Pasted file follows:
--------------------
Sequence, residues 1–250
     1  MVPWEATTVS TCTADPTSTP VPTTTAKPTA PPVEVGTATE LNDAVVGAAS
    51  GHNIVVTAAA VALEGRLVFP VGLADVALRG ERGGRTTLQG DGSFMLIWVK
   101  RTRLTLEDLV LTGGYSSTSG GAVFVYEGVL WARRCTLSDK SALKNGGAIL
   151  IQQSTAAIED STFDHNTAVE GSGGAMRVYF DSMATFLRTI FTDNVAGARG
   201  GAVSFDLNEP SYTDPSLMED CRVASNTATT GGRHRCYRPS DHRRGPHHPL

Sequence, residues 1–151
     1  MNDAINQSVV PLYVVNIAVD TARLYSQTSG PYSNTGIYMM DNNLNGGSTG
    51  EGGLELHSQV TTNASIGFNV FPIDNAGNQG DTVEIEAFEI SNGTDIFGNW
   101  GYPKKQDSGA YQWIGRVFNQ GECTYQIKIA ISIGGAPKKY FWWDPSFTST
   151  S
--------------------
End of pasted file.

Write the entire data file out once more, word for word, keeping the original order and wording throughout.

Sequence, residues 1–250
     1  MVPWEATTVS TCTADPTSTP VPTTTAKPTA PPVEVGTATE LNDAVVGAAS
    51  GHNIVVTAAA VALEGRLVFP VGLADVALRG ERGGRTTLQG DGSFMLIWVK
   101  RTRLTLEDLV LTGGYSSTSG GAVFVYEGVL WARRCTLSDK SALKNGGAIL
   151  IQQSTAAIED STFDHNTAVE GSGGAMRVYF DSMATFLRTI FTDNVAGARG
   201  GAVSFDLNEP SYTDPSLMED CRVASNTATT GGRHRCYRPS DHRRGPHHPL

Sequence, residues 1–151
     1  MNDAINQSVV PLYVVNIAVD TARLYSQTSG PYSNTGIYMM DNNLNGGSTG
    51  EGGLELHSQV TTNASIGFNV FPIDNAGNQG DTVEIEAFEI SNGTDIFGNW
   101  GYPKKQDSGA YQWIGRVFNQ GECTYQIKIA ISIGGAPKKY FWWDPSFTST
   151  S